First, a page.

Wednesday, April 15, 2009

i messed with texas

And Texas, without hesitation, kicked my Yankee ass.

You see, down here in the Lone Star state, it's a springtime right of passage to photograph your child in the bluebonnets.  What are bluebonnets?  If you ask my dad, they're "stupid girly weeds".  If you ask Texas, they're her blueish purple state flower.  If you ask me they're the devil, because in my quest to assimilate by getting some shots of A amongst these things, I ended up with red welts on my hiney.

Let me back up.  I was originally disinterested in this Texan bluebonnet picture tradition.  But as each of my Texan friends proudly showed off their baby smiling amongst the bonnets, and when we spotted a few families out along the roadside taking bluebonnet pics on Monday, I started to crack.  So this afternoon, when A woke early from his nap and we had a half hour to kill, I dressed Mister A in his finest Ralph Lauren and headed out.  Not to a field, because I have no idea how to find a bluebonnet field.  But there's a big patch of purple flowers near our house, I figured it would do.  I also made the assumption that any ugly-ish purple flowers growing in Texas = bluebonnets.  Foreshadowing, my friends, stay with me.  We arrived, I spread a blanket out so A wouldn't come in contact with nature and squatted down low to get to his eye level.  Then fell backward onto my derriere.  Now's when I sheepishly admit I was wearing shorts.  SHORT workout shorts.  I wore shorts to a field full of weeds because I'm an idiot it's laundry day.  So I just stayed there with my behind exposed to the ground, snapping (really bad) shots of A looking totally baffled and somewhat annoyed.  Squinty too.  This was starting to seem like a dumb idea.  And is it just me, or is my hiney starting to itch?  I clicked on.  About two minutes later, I felt a tingly, mildly itchy sensation from my legs to my lower hiney.  And about two seconds after that, it started to burn SO badly that I leaped to my feet and shrieked, pretty sure some awful swarm of insects was feasting on my rear.  This startled A, who (bad mommy alert) toppled forward off the edge of the blanket and scraped his forehead on the stupid weeds.  Now we're both near tears, I've got 13 sucky photos, and I'm totally over this stupid flower thing.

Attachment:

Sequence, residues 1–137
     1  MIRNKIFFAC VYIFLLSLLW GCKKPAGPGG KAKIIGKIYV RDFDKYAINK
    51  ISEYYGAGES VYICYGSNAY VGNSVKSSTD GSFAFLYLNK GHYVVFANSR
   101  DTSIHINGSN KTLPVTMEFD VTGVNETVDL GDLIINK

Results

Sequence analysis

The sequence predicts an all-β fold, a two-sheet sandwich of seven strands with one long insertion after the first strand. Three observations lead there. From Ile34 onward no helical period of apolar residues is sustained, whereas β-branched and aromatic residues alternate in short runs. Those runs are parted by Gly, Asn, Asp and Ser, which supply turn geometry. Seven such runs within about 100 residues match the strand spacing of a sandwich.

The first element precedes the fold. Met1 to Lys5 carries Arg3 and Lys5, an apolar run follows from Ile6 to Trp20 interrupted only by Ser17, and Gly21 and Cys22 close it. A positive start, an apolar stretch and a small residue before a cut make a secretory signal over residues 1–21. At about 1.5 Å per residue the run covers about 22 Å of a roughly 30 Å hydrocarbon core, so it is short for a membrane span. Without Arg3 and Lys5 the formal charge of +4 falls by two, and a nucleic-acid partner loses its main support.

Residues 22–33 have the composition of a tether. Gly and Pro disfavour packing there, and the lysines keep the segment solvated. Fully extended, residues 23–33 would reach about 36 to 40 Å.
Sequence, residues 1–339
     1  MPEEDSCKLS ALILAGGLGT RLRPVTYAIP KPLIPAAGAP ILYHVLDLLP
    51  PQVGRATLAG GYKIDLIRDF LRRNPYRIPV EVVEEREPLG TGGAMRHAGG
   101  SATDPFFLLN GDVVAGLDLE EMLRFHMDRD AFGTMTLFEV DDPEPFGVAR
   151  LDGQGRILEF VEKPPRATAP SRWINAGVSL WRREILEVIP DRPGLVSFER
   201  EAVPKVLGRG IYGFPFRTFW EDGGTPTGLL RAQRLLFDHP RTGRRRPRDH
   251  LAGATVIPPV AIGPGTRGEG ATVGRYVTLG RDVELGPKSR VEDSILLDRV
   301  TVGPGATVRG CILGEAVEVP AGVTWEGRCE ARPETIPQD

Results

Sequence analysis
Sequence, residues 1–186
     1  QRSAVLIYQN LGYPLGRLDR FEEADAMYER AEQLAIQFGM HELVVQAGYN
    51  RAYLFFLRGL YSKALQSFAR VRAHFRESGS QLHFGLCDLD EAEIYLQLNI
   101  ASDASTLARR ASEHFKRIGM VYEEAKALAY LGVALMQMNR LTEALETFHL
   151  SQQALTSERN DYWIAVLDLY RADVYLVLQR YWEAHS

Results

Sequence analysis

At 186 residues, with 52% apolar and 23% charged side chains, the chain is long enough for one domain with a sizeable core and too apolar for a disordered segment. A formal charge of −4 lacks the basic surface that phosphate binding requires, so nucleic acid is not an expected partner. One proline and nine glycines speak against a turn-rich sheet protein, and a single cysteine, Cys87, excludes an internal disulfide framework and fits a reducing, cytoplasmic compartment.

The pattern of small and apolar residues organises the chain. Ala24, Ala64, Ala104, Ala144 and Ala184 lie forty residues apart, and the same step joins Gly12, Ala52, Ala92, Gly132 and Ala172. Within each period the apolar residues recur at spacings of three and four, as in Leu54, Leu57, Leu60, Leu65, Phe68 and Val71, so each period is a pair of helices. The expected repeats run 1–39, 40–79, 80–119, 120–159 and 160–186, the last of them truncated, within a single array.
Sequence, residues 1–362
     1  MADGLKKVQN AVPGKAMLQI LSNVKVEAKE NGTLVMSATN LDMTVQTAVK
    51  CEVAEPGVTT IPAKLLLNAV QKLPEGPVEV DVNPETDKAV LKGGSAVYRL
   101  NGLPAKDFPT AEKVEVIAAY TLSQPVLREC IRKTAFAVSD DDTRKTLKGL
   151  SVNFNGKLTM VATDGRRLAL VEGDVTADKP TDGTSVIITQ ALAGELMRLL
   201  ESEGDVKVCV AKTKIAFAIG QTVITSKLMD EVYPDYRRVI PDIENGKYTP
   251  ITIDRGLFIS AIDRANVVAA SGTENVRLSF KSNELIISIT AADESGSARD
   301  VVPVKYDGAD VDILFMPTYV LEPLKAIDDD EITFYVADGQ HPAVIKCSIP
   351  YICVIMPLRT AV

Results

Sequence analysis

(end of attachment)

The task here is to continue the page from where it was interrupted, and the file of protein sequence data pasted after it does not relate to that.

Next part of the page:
A was fine as soon as I wiped his forehead and handed over the Whoozit.  But mama?  Not so fine.  Burning and itching don't exactly do my malady justice.  More like "try really hard not to scare the bejeebies out of A by screaming in anguish  and get home as fast as you can to rip these shorts off and make this torture stop".  It required a good 20 minute soak in a cool tub full of baking soda to start to feel slightly less like I might die, while A sat in his exersaucer quietly eying me with what I swear was an "I told you that was a dumb idea" look.  

Oh, but wait.  The dumbest part is still coming.

THEY WEREN'T EVEN BLUEBONNETS.  I found out later it was lavender.  (Thank you, FireChiefsBride.)  My only bluebonnet spotting experience was, well, looking those photos I was telling you about and having J point out patches of blueish purple flowers and say "look, honey, bluebonnets!"  I really should have done some google research.  But this is my style- I get an idea, I run with it, no time to ask questions or rethink.  Most times, this quick thinking works in my favor.  Today, it welted my hiney and netted some really fugly pictures of my poor kid in some dumb looking weeds. 

I should have listened to my dad and stayed away from the weeds.  Mark my words: NEVER AGAIN.  I'm hereby announcing my personal bluebonnet ban.  A will probably have his Texan card yanked later in life when he's unable to produce any "baby in a bluebonnet" photos.  So be it, he can point back to this post (forever in internetland) and blame his northern mother.

And no, I won't share the awful photos of A in a bunch of weeds.  I can't believe I even shared this story.  But no pictures.  I've got some pride.